When using shallow depth of field, it is very important to make sure you focus on your subject. Most cameras autofocus by focusing on the center of the frame. This can be a problem if the subject is not in the center, as it will not be properly focused.
Fortunately, all models of autofocus cameras offer a way to solve this problem:
You can press the shutter release button halfway down and hold it with the subject in the center. Then you recompose with the subject off center and take the photograph by pressing the button all the way down.

When you first press the shutter release button halfway, the camera focuses on the distance the subject is at. Then you are able to recompose and finally take the photo.

Some cameras offer a selective focus mode that allows you to choose which part of the frame to focus on.

Applications of depth of field:

Understanding and using the concept of depth of field lets you add an entirely new dimension to your work as a photographer.

While there are no set rules as to when to utilize either shallow or large depth of field, we will try and share with you some of the most common situations in which you may find each to be useful.

In other words, it’s time for pretty pictures!

Shallow depth of field examples:

Shallow depth of field is very useful in any situation where you want to concentrate the viewers’ attention on your subject, by blurring out the surroundings.

I will now show you some examples of different styles of photographs that use a shallow depth of field effectively.

I will start off with portrait photography, which quite often benefits from using a shallow depth of field for a softer and more intimate feel.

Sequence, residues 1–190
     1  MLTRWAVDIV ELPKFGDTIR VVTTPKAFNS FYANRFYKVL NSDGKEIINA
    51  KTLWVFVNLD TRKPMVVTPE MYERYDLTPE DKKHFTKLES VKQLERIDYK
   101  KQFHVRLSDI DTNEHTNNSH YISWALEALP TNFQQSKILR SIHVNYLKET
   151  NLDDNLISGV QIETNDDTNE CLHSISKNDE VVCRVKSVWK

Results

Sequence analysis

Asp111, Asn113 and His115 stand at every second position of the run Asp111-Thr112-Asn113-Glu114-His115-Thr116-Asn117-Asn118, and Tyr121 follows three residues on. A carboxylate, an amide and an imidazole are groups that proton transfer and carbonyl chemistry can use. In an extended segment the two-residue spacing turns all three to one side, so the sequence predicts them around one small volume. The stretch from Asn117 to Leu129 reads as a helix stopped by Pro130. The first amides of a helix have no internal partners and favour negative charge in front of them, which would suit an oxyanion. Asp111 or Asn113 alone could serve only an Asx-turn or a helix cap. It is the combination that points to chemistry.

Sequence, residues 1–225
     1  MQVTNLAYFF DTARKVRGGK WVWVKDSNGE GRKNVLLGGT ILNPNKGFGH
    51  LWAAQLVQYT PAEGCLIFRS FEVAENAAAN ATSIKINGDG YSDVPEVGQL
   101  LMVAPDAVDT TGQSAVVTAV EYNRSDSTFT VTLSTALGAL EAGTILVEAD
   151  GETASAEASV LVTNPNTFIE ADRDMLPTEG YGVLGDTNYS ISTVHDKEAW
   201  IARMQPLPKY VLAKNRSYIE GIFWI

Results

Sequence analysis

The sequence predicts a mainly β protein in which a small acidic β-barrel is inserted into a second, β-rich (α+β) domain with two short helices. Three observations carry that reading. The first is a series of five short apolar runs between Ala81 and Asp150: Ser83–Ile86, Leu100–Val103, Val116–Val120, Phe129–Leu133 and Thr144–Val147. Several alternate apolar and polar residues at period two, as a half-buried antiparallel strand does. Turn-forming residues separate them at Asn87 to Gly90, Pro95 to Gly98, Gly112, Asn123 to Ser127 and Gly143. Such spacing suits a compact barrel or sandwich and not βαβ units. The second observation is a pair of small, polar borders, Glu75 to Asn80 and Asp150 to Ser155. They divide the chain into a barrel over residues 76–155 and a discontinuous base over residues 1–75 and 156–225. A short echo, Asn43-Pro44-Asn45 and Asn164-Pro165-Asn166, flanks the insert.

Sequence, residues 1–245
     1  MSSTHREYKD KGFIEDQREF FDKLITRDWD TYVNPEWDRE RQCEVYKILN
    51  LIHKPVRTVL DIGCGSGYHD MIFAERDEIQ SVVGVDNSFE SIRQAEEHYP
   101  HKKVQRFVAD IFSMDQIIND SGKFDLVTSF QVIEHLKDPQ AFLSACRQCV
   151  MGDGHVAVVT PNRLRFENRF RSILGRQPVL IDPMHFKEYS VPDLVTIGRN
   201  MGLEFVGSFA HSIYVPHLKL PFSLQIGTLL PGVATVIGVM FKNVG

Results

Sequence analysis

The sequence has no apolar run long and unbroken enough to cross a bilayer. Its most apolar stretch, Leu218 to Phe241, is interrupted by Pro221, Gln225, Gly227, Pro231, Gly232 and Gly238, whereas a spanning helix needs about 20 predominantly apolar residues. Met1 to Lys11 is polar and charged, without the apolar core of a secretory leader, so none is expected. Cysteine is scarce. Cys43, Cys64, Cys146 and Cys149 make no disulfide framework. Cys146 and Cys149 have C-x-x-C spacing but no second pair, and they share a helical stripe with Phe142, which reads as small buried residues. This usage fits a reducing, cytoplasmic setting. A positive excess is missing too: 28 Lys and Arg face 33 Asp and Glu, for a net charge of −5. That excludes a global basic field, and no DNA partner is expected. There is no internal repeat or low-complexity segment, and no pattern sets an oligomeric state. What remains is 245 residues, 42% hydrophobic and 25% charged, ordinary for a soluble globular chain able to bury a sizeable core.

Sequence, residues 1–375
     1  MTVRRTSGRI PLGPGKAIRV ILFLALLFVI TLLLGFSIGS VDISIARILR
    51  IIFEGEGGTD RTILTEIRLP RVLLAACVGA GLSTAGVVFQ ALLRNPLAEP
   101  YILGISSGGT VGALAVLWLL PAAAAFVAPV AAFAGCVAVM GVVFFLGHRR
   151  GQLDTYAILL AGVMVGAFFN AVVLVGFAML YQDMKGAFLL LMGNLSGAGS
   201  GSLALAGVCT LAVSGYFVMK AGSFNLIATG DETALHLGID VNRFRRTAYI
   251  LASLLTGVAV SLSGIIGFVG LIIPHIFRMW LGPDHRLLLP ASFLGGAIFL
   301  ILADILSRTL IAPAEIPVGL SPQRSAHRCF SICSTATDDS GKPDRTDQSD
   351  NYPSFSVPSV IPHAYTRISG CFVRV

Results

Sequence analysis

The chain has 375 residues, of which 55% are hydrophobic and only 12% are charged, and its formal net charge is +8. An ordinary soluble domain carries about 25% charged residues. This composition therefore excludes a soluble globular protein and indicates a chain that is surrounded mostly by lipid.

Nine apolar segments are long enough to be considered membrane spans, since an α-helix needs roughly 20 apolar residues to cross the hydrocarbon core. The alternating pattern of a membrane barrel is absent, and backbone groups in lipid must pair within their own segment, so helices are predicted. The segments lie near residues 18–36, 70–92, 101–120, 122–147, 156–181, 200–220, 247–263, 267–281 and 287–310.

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The use of a shallow depth of field in this portrait creates a blurred background which helps focus the attention on the model and contributes to the dreamy atmosphere.

Now I will show you an example of a very shallow depth of field in a portrait, with both a blurred background and foreground which creates an interesting effect to enhance the composition:
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A complication we often face in street photography is that the background is very busy and distracting. Once again a shallow depth of field can help us isolate our subject. Example:
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The shallow DOF helps emphasize the subject, while still allowing to appreciate the context in which it was taken.

In macro photography the combination of short distance and long focal length can be used to create a very shallow depth of field which helps isolate small subjects from their busy background.
Examples:
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Nature photography too can benefit from the use of shallow depth of field. In the following example, the colour of the subject and the background is the same, a situation in which it can be tricky taking an effective photograph. However, the use of a shallow depth of field still allows us to isolate the subject by blurring out the background:

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Isolating the subject with shallow depth of field can also be effective in conceptual photography, to convey your message effectively. Example:

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In the photograph below called “a leader”, the choice of depth of field is such that it emphasizes the foremost dog in accordance with the concept; without blurring out the other dogs too much.

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Wildlife photography too, can make good use of a shallow depth of field to isolate the subject.

Example:
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Go to Depth Of Field – Part 2